September 21, 2012 by badacademic2
Here’s a great first-person article about invisible disabilities, which shows the dominance of particular images of the disabled body in popular discourse.
Just what does a disabled person look like?
When most people look at me, they see a healthy-looking 23-year-old. What virtually none of them know is that for at least the last seven years of my life, I’ve had hypermobility syndrome, a disabling condition that’s unbelievably painful. It’s invisible to outsiders, but I become exhausted by walking or just standing for more than a minute or two and I’m unusually prone to sprains and dislocations. For the most part, I’ve been able to manage on my own. Unfortunately, not everyone with whom I interact is aware of — or understanding about — my disability.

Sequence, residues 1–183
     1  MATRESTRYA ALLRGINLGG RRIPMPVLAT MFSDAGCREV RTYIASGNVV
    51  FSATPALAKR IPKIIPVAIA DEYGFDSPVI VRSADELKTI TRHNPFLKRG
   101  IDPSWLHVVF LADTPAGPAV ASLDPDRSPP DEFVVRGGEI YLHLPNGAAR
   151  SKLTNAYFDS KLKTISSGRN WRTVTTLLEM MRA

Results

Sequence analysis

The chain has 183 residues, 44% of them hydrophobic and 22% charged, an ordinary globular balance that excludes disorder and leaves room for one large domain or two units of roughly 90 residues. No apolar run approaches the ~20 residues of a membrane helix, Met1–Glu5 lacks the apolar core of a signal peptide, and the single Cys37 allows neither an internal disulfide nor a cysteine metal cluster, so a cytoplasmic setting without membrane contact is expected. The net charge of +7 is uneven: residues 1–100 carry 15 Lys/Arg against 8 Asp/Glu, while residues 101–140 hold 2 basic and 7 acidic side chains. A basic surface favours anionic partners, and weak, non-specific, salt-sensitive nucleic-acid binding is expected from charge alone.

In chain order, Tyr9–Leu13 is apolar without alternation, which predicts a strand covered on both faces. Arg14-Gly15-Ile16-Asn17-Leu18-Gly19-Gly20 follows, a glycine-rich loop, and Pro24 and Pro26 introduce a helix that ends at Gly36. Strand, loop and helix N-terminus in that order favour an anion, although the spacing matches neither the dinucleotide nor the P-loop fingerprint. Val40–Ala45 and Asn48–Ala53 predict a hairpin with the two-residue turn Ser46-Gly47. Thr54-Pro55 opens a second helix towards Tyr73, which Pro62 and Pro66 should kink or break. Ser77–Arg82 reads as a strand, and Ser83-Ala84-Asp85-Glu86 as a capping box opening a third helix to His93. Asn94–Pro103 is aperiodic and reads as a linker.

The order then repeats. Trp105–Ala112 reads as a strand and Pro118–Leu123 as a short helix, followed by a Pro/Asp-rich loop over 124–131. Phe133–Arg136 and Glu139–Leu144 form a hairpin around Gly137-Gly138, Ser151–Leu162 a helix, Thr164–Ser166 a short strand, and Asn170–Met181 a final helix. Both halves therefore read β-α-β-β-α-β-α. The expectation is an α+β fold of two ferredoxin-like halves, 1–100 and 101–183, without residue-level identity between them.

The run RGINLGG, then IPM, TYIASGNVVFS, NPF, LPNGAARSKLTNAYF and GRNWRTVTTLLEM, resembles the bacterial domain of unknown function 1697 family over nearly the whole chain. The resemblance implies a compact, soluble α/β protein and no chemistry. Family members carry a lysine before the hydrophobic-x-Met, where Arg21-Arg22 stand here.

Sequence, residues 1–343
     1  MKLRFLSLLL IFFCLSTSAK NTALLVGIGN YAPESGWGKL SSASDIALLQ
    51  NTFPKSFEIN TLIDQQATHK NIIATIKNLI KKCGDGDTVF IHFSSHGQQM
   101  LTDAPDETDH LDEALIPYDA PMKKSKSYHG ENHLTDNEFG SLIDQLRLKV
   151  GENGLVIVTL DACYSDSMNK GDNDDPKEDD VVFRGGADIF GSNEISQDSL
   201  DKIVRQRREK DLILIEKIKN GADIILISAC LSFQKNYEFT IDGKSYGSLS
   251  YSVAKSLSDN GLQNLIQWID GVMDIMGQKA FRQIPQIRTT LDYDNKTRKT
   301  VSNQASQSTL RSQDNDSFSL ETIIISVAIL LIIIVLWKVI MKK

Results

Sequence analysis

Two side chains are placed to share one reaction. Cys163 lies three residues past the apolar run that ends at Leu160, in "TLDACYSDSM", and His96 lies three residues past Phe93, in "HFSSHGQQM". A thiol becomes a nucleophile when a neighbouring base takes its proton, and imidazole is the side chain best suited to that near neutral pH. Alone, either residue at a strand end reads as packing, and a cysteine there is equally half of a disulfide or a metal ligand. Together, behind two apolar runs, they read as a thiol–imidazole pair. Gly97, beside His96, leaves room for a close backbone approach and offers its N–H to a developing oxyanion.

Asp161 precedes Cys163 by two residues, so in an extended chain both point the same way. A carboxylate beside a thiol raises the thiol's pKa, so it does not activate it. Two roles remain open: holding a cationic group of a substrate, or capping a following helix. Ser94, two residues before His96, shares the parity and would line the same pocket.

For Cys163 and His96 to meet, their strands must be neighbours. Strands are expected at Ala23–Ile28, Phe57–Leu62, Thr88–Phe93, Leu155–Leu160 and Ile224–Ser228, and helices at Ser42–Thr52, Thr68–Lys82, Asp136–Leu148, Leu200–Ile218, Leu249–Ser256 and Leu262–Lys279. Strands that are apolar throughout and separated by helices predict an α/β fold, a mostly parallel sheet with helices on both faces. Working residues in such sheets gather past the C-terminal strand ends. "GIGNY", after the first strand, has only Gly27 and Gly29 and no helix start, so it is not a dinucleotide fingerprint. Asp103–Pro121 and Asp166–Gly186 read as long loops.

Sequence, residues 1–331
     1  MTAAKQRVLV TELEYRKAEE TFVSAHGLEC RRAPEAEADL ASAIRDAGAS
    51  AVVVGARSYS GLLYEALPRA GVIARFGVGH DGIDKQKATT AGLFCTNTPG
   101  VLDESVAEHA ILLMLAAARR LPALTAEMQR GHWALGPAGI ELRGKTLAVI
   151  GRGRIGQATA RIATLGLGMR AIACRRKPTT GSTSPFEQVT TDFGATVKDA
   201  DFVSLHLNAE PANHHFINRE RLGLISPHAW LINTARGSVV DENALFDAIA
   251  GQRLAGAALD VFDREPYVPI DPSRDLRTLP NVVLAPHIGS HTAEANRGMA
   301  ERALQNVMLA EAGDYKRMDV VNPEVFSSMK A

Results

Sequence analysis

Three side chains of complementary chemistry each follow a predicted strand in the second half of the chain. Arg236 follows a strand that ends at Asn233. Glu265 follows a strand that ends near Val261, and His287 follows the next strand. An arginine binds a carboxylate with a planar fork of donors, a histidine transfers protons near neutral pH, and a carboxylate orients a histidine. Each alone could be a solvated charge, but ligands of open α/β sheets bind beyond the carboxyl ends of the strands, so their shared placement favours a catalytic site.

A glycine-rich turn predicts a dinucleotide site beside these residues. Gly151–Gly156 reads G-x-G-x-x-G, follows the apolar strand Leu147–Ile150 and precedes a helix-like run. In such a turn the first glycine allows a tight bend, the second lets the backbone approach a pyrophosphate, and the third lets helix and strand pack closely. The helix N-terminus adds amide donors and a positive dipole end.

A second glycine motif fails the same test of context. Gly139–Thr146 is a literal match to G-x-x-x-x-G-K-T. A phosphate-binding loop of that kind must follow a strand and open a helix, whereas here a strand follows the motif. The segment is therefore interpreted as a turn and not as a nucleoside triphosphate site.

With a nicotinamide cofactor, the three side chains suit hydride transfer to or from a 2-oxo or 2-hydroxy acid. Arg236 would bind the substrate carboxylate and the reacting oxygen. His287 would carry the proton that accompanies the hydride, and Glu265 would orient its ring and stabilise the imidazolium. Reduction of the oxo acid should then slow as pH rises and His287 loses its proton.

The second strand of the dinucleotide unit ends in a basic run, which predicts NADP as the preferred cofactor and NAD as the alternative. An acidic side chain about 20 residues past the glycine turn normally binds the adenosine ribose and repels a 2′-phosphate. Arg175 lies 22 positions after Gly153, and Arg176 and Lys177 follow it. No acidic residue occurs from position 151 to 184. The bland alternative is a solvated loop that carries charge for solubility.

In January, I was riding MUNI and sat in one of those blue seats reserved for seniors and the disabled. The bus got crowded. On another day I might have given my seat to a senior, but I had twisted my knee that morning and standing wasn’t an option. Suddenly, a woman came uncomfortably close to my face and said, “You should really give your seat to the older people on this bus.” I calmly replied, “Actually, I’m disabled so I need to be sitting down right now.” I thought that would end it — it has in the past — but she turned around and spat on me. No one defended me. No one said anything. Many people were staring.